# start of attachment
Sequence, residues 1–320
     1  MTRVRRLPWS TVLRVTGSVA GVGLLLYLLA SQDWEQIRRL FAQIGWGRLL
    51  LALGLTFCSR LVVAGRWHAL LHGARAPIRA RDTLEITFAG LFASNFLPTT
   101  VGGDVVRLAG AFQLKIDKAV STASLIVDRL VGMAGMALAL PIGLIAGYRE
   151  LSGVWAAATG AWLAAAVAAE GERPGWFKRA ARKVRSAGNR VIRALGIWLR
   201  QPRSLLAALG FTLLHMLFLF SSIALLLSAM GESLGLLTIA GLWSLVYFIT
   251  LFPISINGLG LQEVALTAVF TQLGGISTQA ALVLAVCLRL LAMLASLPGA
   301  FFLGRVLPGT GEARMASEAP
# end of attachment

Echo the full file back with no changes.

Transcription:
Sequence, residues 1–320
     1  MTRVRRLPWS TVLRVTGSVA GVGLLLYLLA SQDWEQIRRL FAQIGWGRLL
    51  LALGLTFCSR LVVAGRWHAL LHGARAPIRA RDTLEITFAG LFASNFLPTT
   101  VGGDVVRLAG AFQLKIDKAV STASLIVDRL VGMAGMALAL PIGLIAGYRE
   151  LSGVWAAATG AWLAAAVAAE GERPGWFKRA ARKVRSAGNR VIRALGIWLR
   201  QPRSLLAALG FTLLHMLFLF SSIALLLSAM GESLGLLTIA GLWSLVYFIT
   251  LFPISINGLG LQEVALTAVF TQLGGISTQA ALVLAVCLRL LAMLASLPGA
   301  FFLGRVLPGT GEARMASEAP